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The Eastern State Hospital Cemetery #2 index lists individuals interred at this cemetery in Spokane County, Washington. Death dates listed range from 1942-1953. Index information about an individual may include name, birth date, death date, and names of family members. Index data was compiled by Maggie Rail, a member of the Washington State Cemetery Association who has transcribed over 400 cemeteries since 1993.
From I-90 take the first Medical Lake exit as you are driving south from Spokane. Continue on Hwy 902 for several miles, passing turns into Medical Lake town, until you see the sign which tells you to turn left to Eastern State Hospital. Continue on this road until you see Howard Street on your left. Make a right turn into the State grounds. There will be no road sign, but it is Fourth Street I think.
This index is in English.
This index is open for research.
Abbreviation used in this index:
* = have photo D = death # in cemetery records ESH = Eastern State Hospital Gr = grave # in cemetery DB07 = Death and Burial Records 1891-1907
Notes from transcriber Maggie Rail, Jun 02, 2004, Updated Mar 19, 2014:
“This cemetery is on the Eastern Washington State Hospital Grounds, and permission to visit must be received at the main office as you come in. Volunteer Services will direct you if you cannot find it.
In the early days, burial records were not well kept. No plan was laid out to bury, or perhaps it was because different people handled the burials. They did not follow a well laid our plat map. Years of burials are scattered also into more than one area. I am only hoping I am correct in those middle dates. There are some in Cemetery #2 also who are buried earlier than 1942. The sure way to know is have the office look up the records and they will show you the burial spot, if you are a blood relative.
The burials in all of the cemeteries on Eastern State grounds are marked with a small cement marker with a number on them. No particular order of burial it seems in many cases, but they are all numbered well. Over the years these small markers became buried underground. This made it so that many no longer knew where the cemeteries were. Just a weed patch, hiding both headstones and cemeteries, after they discontinued using them for burials.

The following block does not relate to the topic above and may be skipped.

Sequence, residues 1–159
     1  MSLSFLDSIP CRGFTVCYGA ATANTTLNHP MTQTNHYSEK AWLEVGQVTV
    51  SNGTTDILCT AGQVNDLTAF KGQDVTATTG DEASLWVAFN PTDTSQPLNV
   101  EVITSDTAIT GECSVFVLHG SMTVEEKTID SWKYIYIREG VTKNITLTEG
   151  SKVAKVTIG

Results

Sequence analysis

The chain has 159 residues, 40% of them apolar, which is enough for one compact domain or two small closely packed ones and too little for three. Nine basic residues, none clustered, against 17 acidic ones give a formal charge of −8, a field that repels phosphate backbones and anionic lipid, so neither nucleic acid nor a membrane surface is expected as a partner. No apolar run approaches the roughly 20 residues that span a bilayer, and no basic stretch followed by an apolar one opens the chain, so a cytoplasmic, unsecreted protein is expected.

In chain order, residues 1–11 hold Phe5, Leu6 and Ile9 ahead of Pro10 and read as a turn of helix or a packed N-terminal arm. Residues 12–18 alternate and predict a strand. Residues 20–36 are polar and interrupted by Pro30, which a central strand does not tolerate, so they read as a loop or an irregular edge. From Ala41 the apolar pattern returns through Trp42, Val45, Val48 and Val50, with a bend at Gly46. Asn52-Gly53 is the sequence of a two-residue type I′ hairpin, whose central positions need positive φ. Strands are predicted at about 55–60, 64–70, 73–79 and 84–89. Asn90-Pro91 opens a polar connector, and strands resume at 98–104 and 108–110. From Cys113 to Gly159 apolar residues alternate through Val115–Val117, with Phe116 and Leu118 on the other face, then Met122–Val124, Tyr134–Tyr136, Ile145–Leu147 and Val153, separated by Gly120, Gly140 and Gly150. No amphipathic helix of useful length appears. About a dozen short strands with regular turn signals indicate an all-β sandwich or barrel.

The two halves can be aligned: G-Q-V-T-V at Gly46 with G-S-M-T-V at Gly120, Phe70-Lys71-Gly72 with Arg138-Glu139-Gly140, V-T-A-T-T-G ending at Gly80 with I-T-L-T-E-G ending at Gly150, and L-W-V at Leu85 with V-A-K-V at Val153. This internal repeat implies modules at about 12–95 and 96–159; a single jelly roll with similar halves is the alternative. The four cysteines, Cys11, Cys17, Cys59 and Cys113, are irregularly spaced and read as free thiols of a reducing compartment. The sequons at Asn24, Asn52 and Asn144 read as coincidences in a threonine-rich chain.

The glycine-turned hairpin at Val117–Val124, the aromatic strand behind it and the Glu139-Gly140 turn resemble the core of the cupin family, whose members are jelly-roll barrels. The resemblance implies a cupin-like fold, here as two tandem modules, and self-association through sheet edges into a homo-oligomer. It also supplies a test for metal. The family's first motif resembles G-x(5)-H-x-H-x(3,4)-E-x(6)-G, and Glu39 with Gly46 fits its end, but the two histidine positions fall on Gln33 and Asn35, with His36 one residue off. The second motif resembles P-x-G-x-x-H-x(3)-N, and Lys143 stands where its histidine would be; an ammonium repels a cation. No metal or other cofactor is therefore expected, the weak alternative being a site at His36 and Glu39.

In the last years the Volunteer Services Department has worked at organizing volunteer groups to help with the project they had in mind, to restore the cemeteries. First it was the cleanup, then the lifting of each of the markers to ground level. Then a plan to see that the area is mowed regularly by the groundskeepers.
This second cemetery was completed and rededicated on Jun 13, 2003, except for the sign. They chose to use the dates 1942-1953 on the sign, however this does not really mean that all burials in this cemetery are within this date frame. It was just a guideline to go by, because only the records office knows the real dates, and I think the dates overlap into both cemeteries. The important part was to get them cleaned out, and this was named #2 because it was the second one they cleaned up and rededicated.
I noticed a section of this one that had a headstone earlier than 1942 in it. This area looks like it is possibly the place where they started the first burials, and it is set apart from the area near it down the hill, but no one knows. It was decided to make it all one cemetery with two sections.
If there is an asterisk, I have the photo of that stone, and found it in this cemetery. The other records were found in my research as I continued to read more cemeteries, or from a family member. I received no records from the staff at Eastern State Hospital. This also may mean there are errors in my work, so do not take it for absolute fact, without further research on your part. Any listed below, which have no asterisk, could be in Cemetery #1.
I visited this cemetery in July of 2002 and again Jun 13, 2003.”
Preferred citation: [Identification of item], Eastern State Hospital Cemetery #2 Spokane County Index, Office of Secretary of State, Washington State Archives, Digital Archives, http://www.digitalarchives.wa.gov, [date accessed].
Source: Index and transcription notes were donated to the Washington State Archives by Maggie Rail, Historical Records Project, June 2014.
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